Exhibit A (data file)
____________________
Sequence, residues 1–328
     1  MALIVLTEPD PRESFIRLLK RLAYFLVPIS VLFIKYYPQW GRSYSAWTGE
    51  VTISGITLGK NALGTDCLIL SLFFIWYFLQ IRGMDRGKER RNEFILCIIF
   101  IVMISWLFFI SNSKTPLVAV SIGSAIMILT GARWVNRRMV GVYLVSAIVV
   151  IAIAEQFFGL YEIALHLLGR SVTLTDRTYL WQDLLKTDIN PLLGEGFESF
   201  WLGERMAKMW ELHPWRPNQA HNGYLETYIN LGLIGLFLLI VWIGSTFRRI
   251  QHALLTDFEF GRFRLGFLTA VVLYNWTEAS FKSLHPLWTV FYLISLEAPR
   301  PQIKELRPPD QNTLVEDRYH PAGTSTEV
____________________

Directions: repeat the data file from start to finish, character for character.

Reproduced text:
Sequence, residues 1–328
     1  MALIVLTEPD PRESFIRLLK RLAYFLVPIS VLFIKYYPQW GRSYSAWTGE
    51  VTISGITLGK NALGTDCLIL SLFFIWYFLQ IRGMDRGKER RNEFILCIIF
   101  IVMISWLFFI SNSKTPLVAV SIGSAIMILT GARWVNRRMV GVYLVSAIVV
   151  IAIAEQFFGL YEIALHLLGR SVTLTDRTYL WQDLLKTDIN PLLGEGFESF
   201  WLGERMAKMW ELHPWRPNQA HNGYLETYIN LGLIGLFLLI VWIGSTFRRI
   251  QHALLTDFEF GRFRLGFLTA VVLYNWTEAS FKSLHPLWTV FYLISLEAPR
   301  PQIKELRPPD QNTLVEDRYH PAGTSTEV